|Dominik Nerz at the Eneco Tour, 2010|
In 2011, Nerz left Milram to join Liquigas-Cannondale and rode his first Grand Tour, the Vuelta a Espana, working as a domestique for Vincenzo Nibali and finding time to impress with a third place finish on Stage 19 and 38th overall - making him the best-placed German rider in the race. He remained with Liquigas for 2012 and came 47th at the Tour de France, then moved to BMC for 2013 and was 13th in the Tour of Poland.
Another one of Germany's greatest cyclists, Rolf Aldag, was born in Beckum on this day in 1968. Having won a stage at the Route du Sud in 1989, Aldag signed his first professional contract with Helvetia-La Suisse for the 1990 season and remained with them until the end of 1992; a period during which he won another stage at the Route du Sud in 1990, Stage 4 of the Tour of Britain and Stages 3 and 8 at the Tour Du Pont in 1991 and silver in the 1992 National Championships of 1992. He then switched to Telekom in 1993, a team in its third year since growing out of the Stuttgart-Merckx-Gonsor outfit created by Hennie Kuiper in 1988 and which, after multiple sponsorship changes, would eventually come to an end in 2011 when it had become known as HTC-Highroad. Aldag would remain with the team until his retirement in 2005.
|Aldag at the Tour de France, 2003|
In 2007, following accusations made by Jef d'Hont regarding doping at the Telekom team where he had been employed as a masseur, Aldag and Erik Zabel (the two men had been team mates and remained friends in retirement) admitted to having used EPO. This came only a year after he had been taken on as a directeur sportif by Telekom, by that time known as T-Mobile, following the dismissal of Rudy Pevenage due to his implication in Operacion Puerto. However, Aldag's apologies and insistence that he was now fully committed to the fight against doping were heartfelt and genuine; he was permitted to stay on at the team and became an instrumental part in shaping its zero-doping policy when it became Highroad and began to introduce detection methods more stringent than those required by the UCI.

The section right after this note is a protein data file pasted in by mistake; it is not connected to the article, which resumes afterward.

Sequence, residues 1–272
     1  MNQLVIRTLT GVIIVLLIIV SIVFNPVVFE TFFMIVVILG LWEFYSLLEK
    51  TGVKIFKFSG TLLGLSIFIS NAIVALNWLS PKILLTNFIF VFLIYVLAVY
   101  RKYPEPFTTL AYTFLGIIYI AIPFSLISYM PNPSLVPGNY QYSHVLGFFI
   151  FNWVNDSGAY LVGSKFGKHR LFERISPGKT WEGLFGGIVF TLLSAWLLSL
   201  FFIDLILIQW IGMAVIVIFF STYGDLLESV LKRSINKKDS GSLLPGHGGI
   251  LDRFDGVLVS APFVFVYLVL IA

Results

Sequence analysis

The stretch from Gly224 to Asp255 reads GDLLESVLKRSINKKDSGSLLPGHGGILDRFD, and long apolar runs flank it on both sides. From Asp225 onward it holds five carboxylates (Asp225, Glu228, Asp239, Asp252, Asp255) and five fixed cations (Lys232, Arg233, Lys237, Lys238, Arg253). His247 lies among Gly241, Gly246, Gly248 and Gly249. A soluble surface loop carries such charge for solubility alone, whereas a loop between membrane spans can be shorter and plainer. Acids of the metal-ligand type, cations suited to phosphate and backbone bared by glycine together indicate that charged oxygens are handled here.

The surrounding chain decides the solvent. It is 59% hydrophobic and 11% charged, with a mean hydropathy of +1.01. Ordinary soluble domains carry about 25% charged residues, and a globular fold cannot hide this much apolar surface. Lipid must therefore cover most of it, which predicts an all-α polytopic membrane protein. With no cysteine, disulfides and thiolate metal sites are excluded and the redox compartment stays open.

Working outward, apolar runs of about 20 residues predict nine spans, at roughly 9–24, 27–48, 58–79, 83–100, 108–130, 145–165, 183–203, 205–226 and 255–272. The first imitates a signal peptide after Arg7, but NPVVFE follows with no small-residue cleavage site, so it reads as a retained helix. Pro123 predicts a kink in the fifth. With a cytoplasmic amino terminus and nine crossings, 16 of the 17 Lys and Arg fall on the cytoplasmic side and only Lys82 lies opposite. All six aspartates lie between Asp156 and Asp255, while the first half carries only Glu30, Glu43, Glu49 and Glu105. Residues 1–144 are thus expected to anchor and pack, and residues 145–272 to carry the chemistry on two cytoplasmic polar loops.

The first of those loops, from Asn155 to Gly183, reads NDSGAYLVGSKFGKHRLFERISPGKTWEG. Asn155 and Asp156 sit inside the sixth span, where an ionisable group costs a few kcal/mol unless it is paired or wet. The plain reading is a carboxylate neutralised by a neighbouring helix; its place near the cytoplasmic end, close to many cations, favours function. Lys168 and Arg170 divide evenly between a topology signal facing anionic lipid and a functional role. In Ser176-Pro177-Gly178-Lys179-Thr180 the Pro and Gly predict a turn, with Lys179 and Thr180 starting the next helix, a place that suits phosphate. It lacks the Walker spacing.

|Gilberto Simoni, Stage 1, Giro 2010|
Simoni won the Juniors Giro della Lunigiana in 1989 and numerous amateur races over the following years, including the Giro del Friuli Venezia Giulia in 1991 and 1992, the Giro della Valle d'Aosta in 1992 and 1993 and - the highlight of his pre-professional career - the Baby Giro and Amateur National Championships in 1993. These were results more than good enough to pique the interest of the professional teams and Simoni accepted a contract with Jolly Componibili-Cage for 1994, but the year would pass without victories after he tragically lost both his father and brother. Fortunately, the team kept him on at the end of the year when it became Aki-Gipiemme, and he repaid their kindness and faith by remaining with them for another two seasons. He rode his first Grand Tours, the Giro d'Italia and the Tour de France, with them in 1995; even managing to finish a stage at the Giro in third place.